Get started

By signing up, you agree to our Terms of Use and Privacy Policy.
Reset your password
Enter your email and we'll send you instructions on how to reset your password.

Risk Identification tools and techniques

Documentation Reviews

The standard practice to identify risks is reviewing project related documents such as lessons learned, articles, organizational process assets, etc

Information Gathering Techniques

The given techniques are similar to the techniques used to collect requirements. Lets look at a few of them:

Brainstorming

Brainstorming is done with a group of people who focus on identification of risk for the project.

Delphi Technique

A team of experts is consulted anonymously. A list of required information is sent to experts, responses are compiled, and results are sent back to them for further review until a consensus is reached.

Interviewing

An interview is conducted with project participants, stakeholders, experts, etc to identify risks.

Root Cause Analysis

Root causes are determined for the identified risks. These root causes are further used to identify additional risks.

Swot Analysis (STRENGTH, Weakness, Opportunities And Threats)

Strengths and weaknesses are identified for the project and thus, risks are determined.

Checklist Analysis

The checklist of risk categories is used to come up with additional risks for the project.

Assumption Analysis

Identification of different assumptions of the project and determining their validity, further helps in identifying risks for the project.

Outputs to Identify Risks

This process of Risk Identification results in creation of Risk Register.

Risk Register

A Risk Register is a living document that is updated regularly throughout the life cycle of the project. It becomes a part of project documents and is included in the historical records that are used for future projects. The risk register includes:

  • List of Risks

  • List of Potential Responses

  • Root Causes of Risks

  • Updated Risk Categories

Tools and Techniques:

Some of the tools that can be used for qualitative risk analysis include:

Probability And Impact Matrix

The matrix helps in identifying those risks which require an immediate response. The matrix may be customized according to the needs of the project. Most companies do have a standardized template for this matrix and project managers could leverage those templates as well. Use of standardized matrix makes the matrix list more repeatable between projects.

Risk Data Quality Assessment

Data is collated for the identified risks. The project manager will try to find the precision of the data that must be analyzed for completing the qualitative analysis of risks.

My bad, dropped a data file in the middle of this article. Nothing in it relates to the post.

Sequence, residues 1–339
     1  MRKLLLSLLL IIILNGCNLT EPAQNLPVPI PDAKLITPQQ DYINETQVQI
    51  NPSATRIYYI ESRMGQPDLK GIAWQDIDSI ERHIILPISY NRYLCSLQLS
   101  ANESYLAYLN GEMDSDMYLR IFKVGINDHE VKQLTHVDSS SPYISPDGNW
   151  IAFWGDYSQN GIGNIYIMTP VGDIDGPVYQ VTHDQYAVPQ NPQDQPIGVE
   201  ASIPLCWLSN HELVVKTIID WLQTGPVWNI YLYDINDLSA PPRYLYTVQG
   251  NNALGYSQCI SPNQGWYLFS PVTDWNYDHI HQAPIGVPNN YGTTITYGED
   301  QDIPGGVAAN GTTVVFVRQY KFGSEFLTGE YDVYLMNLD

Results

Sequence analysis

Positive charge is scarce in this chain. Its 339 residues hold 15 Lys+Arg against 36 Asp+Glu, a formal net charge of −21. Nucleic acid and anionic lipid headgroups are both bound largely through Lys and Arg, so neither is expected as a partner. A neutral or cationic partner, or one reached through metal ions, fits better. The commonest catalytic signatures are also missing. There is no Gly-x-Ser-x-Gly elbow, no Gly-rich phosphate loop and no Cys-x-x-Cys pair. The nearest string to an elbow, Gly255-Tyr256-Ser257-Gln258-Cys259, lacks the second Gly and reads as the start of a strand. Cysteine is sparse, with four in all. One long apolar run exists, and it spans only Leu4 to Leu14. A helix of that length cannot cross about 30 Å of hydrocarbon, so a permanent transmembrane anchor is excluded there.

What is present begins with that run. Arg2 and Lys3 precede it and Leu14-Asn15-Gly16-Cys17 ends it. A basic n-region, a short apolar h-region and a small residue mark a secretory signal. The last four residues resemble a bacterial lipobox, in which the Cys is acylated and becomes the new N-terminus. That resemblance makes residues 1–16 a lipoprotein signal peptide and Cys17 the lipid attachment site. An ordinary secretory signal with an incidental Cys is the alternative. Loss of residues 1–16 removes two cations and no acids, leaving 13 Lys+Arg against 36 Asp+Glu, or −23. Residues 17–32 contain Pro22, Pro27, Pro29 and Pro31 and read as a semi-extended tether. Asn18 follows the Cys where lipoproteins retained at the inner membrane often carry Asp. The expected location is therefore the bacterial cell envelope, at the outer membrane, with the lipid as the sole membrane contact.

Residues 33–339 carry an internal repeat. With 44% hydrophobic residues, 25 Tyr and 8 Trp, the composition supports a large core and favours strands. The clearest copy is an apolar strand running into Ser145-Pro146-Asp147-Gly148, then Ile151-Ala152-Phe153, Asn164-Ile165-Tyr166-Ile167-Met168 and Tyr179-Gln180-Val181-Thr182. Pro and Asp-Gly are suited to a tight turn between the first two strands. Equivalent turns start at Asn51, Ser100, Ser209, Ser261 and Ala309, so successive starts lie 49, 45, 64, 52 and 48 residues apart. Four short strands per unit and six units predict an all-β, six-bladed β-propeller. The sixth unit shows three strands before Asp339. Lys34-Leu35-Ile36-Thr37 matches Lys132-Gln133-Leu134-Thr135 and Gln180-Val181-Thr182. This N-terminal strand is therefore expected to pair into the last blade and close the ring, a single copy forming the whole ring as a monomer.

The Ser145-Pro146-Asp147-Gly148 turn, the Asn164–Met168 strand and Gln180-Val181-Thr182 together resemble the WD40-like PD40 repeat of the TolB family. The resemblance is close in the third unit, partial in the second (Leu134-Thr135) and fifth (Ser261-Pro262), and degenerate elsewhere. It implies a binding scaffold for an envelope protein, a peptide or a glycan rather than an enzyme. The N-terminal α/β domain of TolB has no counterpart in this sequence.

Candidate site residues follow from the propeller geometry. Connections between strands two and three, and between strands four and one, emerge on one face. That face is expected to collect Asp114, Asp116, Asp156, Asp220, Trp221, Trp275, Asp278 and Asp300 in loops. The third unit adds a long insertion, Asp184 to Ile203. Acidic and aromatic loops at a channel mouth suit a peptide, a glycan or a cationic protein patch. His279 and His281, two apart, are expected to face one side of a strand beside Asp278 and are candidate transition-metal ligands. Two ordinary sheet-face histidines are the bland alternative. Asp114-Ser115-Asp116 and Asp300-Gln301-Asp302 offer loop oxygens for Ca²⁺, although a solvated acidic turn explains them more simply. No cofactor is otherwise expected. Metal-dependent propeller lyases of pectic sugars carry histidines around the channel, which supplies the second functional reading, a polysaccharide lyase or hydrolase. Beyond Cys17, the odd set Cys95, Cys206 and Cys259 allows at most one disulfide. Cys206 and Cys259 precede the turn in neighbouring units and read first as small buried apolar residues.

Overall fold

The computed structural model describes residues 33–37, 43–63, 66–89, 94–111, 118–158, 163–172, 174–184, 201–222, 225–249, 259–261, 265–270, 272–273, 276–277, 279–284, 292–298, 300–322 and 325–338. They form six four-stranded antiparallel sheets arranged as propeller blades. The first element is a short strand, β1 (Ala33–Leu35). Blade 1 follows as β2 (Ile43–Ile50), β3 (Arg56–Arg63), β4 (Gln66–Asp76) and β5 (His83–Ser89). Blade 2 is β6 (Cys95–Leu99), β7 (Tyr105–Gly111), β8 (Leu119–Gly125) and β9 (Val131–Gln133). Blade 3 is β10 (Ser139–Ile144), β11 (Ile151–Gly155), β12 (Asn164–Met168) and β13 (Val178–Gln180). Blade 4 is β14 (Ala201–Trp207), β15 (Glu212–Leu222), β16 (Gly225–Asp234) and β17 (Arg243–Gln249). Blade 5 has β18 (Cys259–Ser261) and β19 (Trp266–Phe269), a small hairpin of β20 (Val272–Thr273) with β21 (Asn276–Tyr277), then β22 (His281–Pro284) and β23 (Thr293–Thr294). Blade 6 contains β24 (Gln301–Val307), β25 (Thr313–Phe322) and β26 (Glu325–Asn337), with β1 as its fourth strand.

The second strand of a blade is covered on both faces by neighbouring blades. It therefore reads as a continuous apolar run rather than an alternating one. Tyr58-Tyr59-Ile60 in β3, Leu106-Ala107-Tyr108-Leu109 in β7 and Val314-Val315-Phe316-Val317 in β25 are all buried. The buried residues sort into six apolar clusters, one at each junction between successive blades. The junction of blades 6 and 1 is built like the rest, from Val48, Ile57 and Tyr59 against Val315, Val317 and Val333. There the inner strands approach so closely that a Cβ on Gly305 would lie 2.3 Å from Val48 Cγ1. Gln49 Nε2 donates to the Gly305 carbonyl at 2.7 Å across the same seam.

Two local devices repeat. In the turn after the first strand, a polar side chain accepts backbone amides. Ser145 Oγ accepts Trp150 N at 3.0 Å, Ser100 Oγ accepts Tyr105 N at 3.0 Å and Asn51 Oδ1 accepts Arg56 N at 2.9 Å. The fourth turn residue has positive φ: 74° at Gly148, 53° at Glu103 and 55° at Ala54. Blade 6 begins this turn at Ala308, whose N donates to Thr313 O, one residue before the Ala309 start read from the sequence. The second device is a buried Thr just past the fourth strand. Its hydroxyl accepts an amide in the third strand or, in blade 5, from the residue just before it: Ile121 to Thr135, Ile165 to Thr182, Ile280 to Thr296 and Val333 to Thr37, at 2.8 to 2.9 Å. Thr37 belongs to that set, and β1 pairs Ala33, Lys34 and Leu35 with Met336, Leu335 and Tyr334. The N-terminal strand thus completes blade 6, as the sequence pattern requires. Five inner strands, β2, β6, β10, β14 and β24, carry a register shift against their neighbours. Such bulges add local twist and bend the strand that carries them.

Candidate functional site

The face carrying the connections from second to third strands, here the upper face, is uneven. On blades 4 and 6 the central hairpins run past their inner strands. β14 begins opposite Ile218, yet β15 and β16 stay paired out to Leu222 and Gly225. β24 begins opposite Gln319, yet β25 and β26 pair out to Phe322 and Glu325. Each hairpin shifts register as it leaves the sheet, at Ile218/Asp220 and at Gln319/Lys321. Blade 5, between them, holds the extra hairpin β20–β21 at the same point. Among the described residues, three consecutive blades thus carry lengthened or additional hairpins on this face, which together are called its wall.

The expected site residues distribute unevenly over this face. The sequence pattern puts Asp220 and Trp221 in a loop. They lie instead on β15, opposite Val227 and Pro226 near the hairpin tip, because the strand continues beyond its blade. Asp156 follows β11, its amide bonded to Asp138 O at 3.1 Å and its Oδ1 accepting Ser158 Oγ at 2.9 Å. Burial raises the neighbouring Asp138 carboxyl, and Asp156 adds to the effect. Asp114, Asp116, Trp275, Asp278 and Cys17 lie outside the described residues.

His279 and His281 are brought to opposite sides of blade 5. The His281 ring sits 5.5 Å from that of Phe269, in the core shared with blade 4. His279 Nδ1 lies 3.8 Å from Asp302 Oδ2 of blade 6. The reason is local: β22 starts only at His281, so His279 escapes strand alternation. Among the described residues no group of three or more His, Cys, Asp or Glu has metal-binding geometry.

For each risk, in Risk Data Quality Assessment, the project manager needs to determine:

  • Extent of the understanding of the risk

  • Data available

  • Quality and reliability of the data

  • Integrity of the data
     

PERFORM QUANTITATIVE RISK ANALYSIS

The next step of Qualitative risk analysis is to analyze the probability and impact of risks in Perform Quantitative Risk. The purpose of Quantitative Risk Analysis is:

  • Identification of risk response that requires urgent attention

  • Identify the exposure of risk on the project

  • Identify the impact of risk on the objective of the project

  • Determine cost and schedule reserves that could be required if risk occurs

  • Identify risks requiring more attention

DETERMINING QUANTITATIVE PROBABILITY AND IMPACT

Some of the techniques of quantitatively determining probability and impact of a risk include:

  • Interviewing

  • Cost and time estimating

  • Delphi technique

  • Historical Records

  • Expert judgment

  • Expected monetary value analysis

  • Monte Carlo Analysis

  • Decision tree

Expected Monetary Value Analysis

Expected Monetary Value is a good measure to determine the overall ranking of risks. The formula is:

EMV = P X I

Where, EMV = Expected Monetary Value

P = Probability

I = Impact

Monte Carlo Analysis (SIMULATION Technique)

The Monte Carlo analysis simulates the cost or schedule results of the project. The primary inputs for this analysis are the network diagram and estimates to perform the project

A Monte Carlo analysis:

  • Requires a computer based program

  • Evaluates the overall risk in the project

  • Determines the probability of completing the project on any specific day, or for any specific cost

  • Determines the probability of any activity actually being on critical path

  • Path convergence is taken into account

  • Cost and schedule impacts can be assessed

  • Results in a probability distribution

Decision Tree

Decision tree helps to analyze many alternatives at one single point of time. They are models of real situation. A decision tree takes into account future events in making the decision today. It helps calculate Expected Monetary Value in more complex situations. It also involves Mutual Exclusivity.

RISK REGISTER UPDATES

  • Prioritized list of quantified risks

  • Amount of contingency time and cost reserves needed

  • Possible realistic and achievable completion dates and project costs, with confidence levels, versus the time and cost objectives for the project

  • The quantified probability of meeting the project objectives

  • Trends in quantitative risk analysis


1 Comments

leonard mucciaro 2019-10-29 17:22:07 +0530

Do you know what CICV and CISV stand for in the risk identification area? Two acronyms I can not find

Add Comment

Subject to Moderate